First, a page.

URBANA, Ill – As families take precautions to keep everyone safe this Thanksgiving, favorite holiday traditions are getting a fresh perspective. University of Illinois Extension family life specialist Cheri Burcham encourages families to make the most of Thanksgiving 2020.
How do we demonstrate our love for family, friends, and neighbors without gathering together? "There are many ways to enjoy the upcoming holiday," Burcham says. “The main goal during this time is to connect with others, but in a safe way that will preserve everyone’s health so we can continue to celebrate in the future."
Watch the same shows: Whether it's watching the shortened virtual Macy's Thanksgiving Day parade or watching the NFL's Thanksgiving day games, use technology to watch the parade, football, or holiday movie "together" from separate households.
Send a letter: People still love to receive notes in the mail, Burcham says. Share recipes, photos, or favorite memories of past celebrations. Seniors, who are most vulnerable to the coronavirus and have likely been the most isolated this year, may be feeling especially lonely and hopeless. This can also be an especially tough time for family caregivers, so be sure to show your support.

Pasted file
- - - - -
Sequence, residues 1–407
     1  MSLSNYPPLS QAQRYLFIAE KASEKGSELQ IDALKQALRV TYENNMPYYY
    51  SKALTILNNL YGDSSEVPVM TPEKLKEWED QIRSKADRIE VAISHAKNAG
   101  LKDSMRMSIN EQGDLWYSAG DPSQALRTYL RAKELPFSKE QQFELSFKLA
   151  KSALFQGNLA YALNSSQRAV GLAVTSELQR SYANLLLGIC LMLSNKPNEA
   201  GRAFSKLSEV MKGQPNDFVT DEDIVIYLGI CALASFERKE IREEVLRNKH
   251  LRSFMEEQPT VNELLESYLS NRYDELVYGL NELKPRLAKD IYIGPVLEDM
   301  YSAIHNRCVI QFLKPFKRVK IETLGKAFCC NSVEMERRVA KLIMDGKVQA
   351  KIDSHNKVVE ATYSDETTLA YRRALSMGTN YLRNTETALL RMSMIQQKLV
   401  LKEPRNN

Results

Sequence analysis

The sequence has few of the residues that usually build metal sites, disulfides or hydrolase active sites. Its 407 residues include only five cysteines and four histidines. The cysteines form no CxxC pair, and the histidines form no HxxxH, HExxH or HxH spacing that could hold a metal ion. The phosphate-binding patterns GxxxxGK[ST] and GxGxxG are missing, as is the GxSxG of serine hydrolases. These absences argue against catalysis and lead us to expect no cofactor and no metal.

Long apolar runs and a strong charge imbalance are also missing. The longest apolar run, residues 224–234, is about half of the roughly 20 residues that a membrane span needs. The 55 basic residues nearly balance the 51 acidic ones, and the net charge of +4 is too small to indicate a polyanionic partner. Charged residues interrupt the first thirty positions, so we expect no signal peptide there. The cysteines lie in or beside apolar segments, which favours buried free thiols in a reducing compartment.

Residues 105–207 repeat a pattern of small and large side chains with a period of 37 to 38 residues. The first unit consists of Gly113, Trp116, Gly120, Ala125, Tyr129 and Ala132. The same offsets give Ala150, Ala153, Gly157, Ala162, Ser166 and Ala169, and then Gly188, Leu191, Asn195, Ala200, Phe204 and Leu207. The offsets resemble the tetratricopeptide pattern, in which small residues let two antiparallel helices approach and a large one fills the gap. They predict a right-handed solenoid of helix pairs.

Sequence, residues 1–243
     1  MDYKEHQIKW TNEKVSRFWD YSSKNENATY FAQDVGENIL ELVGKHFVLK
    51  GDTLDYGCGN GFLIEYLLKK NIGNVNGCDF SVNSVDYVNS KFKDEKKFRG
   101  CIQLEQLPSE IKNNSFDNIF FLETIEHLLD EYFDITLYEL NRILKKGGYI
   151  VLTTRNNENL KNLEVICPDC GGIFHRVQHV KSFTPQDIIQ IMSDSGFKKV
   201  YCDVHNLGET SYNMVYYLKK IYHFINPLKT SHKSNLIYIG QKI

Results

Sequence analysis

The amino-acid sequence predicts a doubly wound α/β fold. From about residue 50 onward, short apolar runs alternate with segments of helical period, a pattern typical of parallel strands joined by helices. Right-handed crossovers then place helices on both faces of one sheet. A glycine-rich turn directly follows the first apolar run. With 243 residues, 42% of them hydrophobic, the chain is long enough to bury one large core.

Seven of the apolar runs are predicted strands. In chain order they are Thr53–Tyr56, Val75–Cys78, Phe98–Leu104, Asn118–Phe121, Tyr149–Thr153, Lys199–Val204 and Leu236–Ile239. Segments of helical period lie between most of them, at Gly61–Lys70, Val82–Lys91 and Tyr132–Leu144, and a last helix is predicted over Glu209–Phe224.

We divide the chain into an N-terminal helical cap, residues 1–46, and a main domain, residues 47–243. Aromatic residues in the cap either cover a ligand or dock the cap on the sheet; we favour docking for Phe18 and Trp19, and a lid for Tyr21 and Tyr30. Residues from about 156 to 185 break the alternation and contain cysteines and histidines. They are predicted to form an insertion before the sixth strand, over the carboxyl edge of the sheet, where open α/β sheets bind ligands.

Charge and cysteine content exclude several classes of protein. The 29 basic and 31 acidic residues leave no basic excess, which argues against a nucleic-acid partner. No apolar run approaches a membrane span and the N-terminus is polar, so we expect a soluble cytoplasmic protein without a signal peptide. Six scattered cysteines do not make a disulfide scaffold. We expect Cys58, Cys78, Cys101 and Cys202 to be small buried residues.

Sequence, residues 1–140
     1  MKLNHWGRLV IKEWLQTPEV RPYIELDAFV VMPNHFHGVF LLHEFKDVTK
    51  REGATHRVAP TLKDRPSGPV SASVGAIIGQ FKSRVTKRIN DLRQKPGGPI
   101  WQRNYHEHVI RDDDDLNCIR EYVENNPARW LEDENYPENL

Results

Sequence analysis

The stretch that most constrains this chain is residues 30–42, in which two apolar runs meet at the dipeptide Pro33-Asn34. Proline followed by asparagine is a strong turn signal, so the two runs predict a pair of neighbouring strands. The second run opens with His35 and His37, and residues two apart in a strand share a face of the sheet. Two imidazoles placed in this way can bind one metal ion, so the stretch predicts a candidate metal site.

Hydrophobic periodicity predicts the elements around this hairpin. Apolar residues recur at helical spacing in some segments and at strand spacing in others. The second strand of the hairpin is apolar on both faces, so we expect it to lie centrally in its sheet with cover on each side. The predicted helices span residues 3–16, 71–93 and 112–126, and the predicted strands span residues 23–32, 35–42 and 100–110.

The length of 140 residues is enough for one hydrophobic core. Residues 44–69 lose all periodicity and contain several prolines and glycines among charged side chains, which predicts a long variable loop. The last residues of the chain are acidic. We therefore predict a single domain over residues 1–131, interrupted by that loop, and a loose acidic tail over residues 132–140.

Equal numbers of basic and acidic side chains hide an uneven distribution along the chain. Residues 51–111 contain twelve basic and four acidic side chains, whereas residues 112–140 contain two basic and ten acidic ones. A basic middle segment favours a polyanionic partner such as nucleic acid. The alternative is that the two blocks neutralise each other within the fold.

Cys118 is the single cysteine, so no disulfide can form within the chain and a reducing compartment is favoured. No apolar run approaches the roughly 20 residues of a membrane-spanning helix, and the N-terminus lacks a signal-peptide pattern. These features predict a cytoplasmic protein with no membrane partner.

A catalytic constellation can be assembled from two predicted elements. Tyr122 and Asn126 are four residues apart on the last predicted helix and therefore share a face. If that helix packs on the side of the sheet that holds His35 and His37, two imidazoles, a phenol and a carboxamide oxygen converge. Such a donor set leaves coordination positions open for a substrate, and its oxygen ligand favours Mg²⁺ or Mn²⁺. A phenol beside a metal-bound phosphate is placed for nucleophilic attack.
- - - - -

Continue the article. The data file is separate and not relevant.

Deliver meals: Safely cooking, packaging, and then delivering food to others, especially to those who have been more isolated, can be a good alternative to eating at the same table. Check-in on friends, family, elderly neighbors, and others in your community who might need some extra support. If you’ve been stress baking, or want to do some holiday cookie-making with the kids over break, consider packaging some up and dropping them off on doorsteps.
Drive by to see fall or winter decorations: Drive through the neighborhood to see any fall decorations or early Christmas lights. Have kids make simple decorations like hand turkeys and put them in the windows for everyone to enjoy.
Get outside: Follow this Fall Nature Scavenger Hunt to get your kids excited about spending time outdoors.
Talk about gratitude: Keep gratitude front and center this Thanksgiving, no matter where you’ll be, or with whom you’ll be celebrating, encourages Tessa Hobbs-Curley, Extension family life educator. “This year, our attitude needs to be centered on giving people grace about their decisions and focus on expressing gratitude and thankfulness in a variety of ways, even if the holiday looks a little different. When we express what we're grateful for, we often find our thoughts focused on people instead of things."
SOURCE: Cheri Burcham, Family Life Educator, Illinois Extension;
SOURCE: Tessa Hobbs-Curley, Family Life Educator, Illinois Extension
WRITER: Nicole Stewart, Communications, Illinois Extension, email@example.com
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